The fortunes of an English colony on a remote Caribbean island – many of whom came from Banbury – is the subject of a book.
The Island that Disappeared tells the story of a group of Puritans, who sailed to the island of Providence in 1631 to form a colony to rival the one set up in New England in what is now the United States.
The colony sailed to Providence, which is off the coast of Nicaragua, on board The Seaflower, the sister ship of The Mayflower.
But over the course of 11 years, after their crops failed and their slaves revolted, many of the settlers had turned to piracy. The colony was wiped out following a Spanish invasion.
Speaking to the Banbury Guardian, London-based author, Tom Feiling, said: “It was a dramatic story.
“They went in as Puritans with high-minded ideals and came out as pirates.”
The Banbury link comes from the Providence Island Company, which was founded to set up the island’s colony. Its members were 22 of the most powerful men in England at the time.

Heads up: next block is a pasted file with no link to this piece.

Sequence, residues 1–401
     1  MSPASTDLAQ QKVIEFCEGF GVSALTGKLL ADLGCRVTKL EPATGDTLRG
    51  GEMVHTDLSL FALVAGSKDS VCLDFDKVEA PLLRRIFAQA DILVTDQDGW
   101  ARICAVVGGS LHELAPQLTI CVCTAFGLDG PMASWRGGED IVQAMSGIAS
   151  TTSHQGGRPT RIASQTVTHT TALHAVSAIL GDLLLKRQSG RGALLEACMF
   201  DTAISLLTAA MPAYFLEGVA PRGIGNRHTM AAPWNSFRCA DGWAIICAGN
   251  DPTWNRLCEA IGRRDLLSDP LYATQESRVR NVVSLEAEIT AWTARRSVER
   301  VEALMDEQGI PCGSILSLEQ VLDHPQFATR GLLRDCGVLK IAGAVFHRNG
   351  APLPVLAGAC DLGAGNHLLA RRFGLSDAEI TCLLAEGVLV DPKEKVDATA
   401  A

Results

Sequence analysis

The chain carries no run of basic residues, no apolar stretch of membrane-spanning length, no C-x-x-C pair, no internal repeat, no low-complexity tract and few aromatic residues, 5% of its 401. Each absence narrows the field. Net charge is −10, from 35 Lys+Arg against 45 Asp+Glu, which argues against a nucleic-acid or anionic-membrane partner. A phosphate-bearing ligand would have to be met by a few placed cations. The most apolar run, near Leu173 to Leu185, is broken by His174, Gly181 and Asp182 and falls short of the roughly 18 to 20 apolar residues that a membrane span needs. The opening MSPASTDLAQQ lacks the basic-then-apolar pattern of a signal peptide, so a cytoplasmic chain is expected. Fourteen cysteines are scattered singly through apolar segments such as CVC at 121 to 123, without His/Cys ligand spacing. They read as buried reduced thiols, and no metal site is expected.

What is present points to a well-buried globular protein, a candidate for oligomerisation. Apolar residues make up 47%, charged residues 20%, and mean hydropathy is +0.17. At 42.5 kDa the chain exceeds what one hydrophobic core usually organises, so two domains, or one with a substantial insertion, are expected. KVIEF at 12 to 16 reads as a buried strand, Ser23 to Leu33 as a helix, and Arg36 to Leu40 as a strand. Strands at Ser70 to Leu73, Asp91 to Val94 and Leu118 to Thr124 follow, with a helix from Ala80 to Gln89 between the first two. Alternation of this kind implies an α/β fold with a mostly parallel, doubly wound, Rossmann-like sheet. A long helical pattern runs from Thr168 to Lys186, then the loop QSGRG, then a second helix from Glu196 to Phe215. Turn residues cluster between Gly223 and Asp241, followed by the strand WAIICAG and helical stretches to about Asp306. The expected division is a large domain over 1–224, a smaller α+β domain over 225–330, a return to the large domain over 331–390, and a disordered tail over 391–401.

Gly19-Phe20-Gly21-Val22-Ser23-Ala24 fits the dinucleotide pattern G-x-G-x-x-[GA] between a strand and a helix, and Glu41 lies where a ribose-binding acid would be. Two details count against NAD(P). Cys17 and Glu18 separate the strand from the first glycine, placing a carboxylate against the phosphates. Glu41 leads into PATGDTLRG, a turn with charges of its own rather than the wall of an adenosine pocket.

One of them was William Fiennes, the 1st Viscount of Saye and Sele, at Broughton Castle.
Mr Feiling found out about the island during a stay in Columbia, in South America.
He said: “I wanted to write a book about England and became interested in the civil war period. The Providence Island Company came up and I thought, ‘There’s a story there’.”
To research the story, Mr Feiling spent some time on the island and also spoke with the Banbury Historical Society.
He said: “I was out there for four months. It was fantastic. It is very small, very peaceful, quite idyllic really.”
The Island that Disappeared will be published on May 4 and will be available on Amazon and in bookshops. To find out more, visit www.tomfeiling.com.